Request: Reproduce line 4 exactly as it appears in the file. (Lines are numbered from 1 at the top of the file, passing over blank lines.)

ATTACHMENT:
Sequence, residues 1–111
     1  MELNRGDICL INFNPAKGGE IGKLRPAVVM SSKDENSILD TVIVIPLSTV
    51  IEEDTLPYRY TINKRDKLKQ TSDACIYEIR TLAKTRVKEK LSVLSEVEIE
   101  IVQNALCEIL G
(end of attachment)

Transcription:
   101  IVQNALCEIL G